Introduction to Royal Tournament Postcards.
by Bill Tonkin.
My interest in the Royal Tournaments was boosted at our 1992 Convention held at the Crystal Palace, when one of our members Arthur Smith gave a display of the post cards and guide books of the event, and I found it fascinating to say the least. So much so that that in the 1994 Autumn Journal we printed a five page article by Arthur.
Until then I had not concentrated on Tournament cards, but that all changed, and about a year later I had the opportunity to buy a collection of about 200 early tournament cards. I remember at the time how pleased I was that there was virtually no duplication with my own collection which by then was also around the 200 mark. Over the last fifteen years I have probably trebled my collection.
The early 1906 to 1909 cards present many problems, and I have spent years studying them. I soon realised that Gale & Polden the publisher of the early tournament cards had the same problem that Valentine had, and resorted to ‘cut and paste’ to help fill their kiosks with cards for sale on opening day.
The early visual history of the Royal Naval and Military Tournament was adequately covered by Gale & Polden who published all the post cards up until the mid 20’s when they lost the sole franchise, first to Fleetway Press Ltd., and then to Betts Son & Malyon Ltd., not getting it back again until the mid 1940’s.
I suppose it would not be correct to say sole franchise, because throughout the Gale & Polden period there were a handful of other publishers like Cribb and the various Poster cards published from time to time. Cribb certainly published Tournament cards but they were not photographed inside Olympia but at an unknown barracks, and were probably not on sale at Olympia.
When Gale & Polden secured the rights to publish and sell post cards at an event running for a short period one of their problems was how to have a large range of cards for sale on the first day. For the Royal Tournament they could send their photographers in on the non public days when rehearsals and preliminary events were taking place (Which explains the many post cards with rows of empty seats) or they could prepare and print artist drawn views well before the opening. The third option, after they had built up a stock of various 1906 negatives, was to use these over and over again in the following years from 1907 to 1912. It can be a little confusing trying to date a card you are sure was published in 1909 with a view you know was taken in 1906.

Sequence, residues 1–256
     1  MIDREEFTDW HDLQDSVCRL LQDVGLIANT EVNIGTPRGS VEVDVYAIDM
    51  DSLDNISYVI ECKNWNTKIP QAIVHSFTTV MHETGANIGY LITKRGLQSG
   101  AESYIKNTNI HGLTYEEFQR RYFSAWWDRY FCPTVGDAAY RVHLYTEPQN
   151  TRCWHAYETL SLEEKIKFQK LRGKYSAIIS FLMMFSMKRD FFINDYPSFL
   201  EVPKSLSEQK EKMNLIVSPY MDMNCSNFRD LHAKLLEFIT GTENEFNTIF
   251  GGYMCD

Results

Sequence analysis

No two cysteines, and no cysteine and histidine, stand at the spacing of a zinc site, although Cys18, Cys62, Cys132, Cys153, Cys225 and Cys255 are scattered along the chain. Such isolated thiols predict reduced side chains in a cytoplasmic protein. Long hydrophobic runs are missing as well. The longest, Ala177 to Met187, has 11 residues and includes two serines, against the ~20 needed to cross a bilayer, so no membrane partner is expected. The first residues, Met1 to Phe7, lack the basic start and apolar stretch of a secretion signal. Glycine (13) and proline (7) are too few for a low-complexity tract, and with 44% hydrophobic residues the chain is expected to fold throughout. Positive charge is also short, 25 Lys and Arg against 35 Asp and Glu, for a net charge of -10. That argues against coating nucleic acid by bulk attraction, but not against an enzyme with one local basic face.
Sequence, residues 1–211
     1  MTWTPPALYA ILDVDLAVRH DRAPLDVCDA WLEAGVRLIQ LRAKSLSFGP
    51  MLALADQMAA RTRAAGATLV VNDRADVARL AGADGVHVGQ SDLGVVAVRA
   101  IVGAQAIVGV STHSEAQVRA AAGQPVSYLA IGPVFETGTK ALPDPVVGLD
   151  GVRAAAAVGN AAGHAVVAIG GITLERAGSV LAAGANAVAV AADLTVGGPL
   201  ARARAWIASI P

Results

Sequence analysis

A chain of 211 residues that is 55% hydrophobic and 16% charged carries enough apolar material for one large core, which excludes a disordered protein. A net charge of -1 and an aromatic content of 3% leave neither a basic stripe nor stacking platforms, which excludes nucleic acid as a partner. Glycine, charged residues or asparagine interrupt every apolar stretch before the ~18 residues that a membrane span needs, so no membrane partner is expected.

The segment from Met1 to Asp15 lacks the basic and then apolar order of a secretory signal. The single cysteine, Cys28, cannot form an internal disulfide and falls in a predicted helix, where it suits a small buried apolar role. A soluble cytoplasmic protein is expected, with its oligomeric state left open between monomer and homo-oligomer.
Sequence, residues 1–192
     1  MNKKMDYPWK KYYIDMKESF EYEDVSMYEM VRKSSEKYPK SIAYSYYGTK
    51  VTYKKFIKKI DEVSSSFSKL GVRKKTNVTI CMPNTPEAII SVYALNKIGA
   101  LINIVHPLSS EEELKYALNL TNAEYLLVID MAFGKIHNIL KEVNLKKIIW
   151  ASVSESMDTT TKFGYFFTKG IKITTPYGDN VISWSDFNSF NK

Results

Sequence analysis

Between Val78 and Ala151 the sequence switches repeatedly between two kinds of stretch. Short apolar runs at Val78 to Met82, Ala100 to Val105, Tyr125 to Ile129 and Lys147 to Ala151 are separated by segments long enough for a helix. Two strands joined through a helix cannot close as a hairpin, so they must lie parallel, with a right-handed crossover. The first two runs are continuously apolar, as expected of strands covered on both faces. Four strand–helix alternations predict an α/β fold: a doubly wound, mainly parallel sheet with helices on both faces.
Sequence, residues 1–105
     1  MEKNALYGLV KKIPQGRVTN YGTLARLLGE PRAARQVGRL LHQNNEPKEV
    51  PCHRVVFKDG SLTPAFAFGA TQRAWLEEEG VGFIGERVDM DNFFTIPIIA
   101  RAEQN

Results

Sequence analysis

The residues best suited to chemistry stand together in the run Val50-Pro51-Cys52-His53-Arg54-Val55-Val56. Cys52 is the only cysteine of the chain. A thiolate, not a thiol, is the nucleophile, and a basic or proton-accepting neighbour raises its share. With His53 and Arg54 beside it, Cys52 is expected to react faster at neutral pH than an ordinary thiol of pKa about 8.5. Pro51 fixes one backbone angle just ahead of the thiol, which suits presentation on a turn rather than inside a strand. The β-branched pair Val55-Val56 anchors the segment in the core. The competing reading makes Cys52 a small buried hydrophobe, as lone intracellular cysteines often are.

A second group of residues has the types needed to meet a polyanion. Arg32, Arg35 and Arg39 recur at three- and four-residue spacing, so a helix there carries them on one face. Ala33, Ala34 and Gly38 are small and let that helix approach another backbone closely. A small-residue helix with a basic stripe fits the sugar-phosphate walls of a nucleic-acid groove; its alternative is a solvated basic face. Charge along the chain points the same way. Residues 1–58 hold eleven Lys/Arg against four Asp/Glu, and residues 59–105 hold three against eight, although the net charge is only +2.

One of the first little upsets was to discover that yes the camera does lie. Or rather the technicians in the dark room can get up to all sorts of tricks. Cut and Paste was not invented for the computer, they were doing it a hundred years ago. They have for instance taken a group of performing soldiers from a 1906 negative, cut them out of the centre of the picture, leaving the barrier surrounding the arena and all the visitors, and inserted the centre into the surround of another
picture taken several years later. They have also worked the other way round and inserted several different events, one by one into the same surround. This explains the postcards showing different events all with un-moving spectators and even the clock at the end of the hall frozen at the same time.
Type 1 used in 1908 Type 2 used in 1909
Ref. 1908-16 Ref. 1909-11
Type 3 used in 1910 Type 4 used in 1911
Ref. 1910-26 No. 97.
Type 5 used in 1912. No. 107.
The 1906 centre was then used once more, this time with a 1912 surround showing the curved arch.
Gale & Polden not only used the centres of a negative in different surrounds, but they used the same surround on several occasions with different inserted centres.
Type 1 used in 1906 Type 2 used in 1907
Here Gale & Polden were able to use a 1906 negative to publish in 1907, what looks like a more
distant view by using more of the surround on the same negative.
The Royal Horse Artillery Musical Drive post card has caused problems in allocating it to a year of publication. The centre is from a 1906 photograph which was published in 1908 & 1909. It was then inserted into a 1910 surround, as the band stand above the exit shows. Gale & Polden carried out this exercise twice using a 1910 surround, enlarging the centre slightly on type 4 so the performers very nearly overlap out of the arena. I am sure the post card with the medium sized block title was used in 1910, but they did not need two pictures of the same event in that year so they saved type 4 until 1911, giving the card a new title in joined up script with number 87. Numbers were not introduced until 1911 and it must have been published that year as in 1912 another view was allocated No. 87.
The 1908 Rollaball post card was just a re-issue of the 1907 card with a title added. In the 1907 picture four of the men’s shirts look dark, while in 1908 the shirts have been washed persil white.
Where the same surround was used with different centres, not only are all the visitors in exactly the same position but the clock shows the same time, thirty five minutes past three. Dating Royal Tournament cards without titles with dates added to help you, can be difficult, but there are several clues. The photographs for some of the Tournament cards were not taken at Olympia but probably taken in barracks. If these do not have a date in the title or a post mark then they can be difficult to date, and you have to rely on the type of back and the style used in writing the title.
The light fittings hanging from the roof did not change from 1906 to 1913, but in 1914 lights with huge lamp shades appeared and these were changed in design every few years until the mid 1930’s.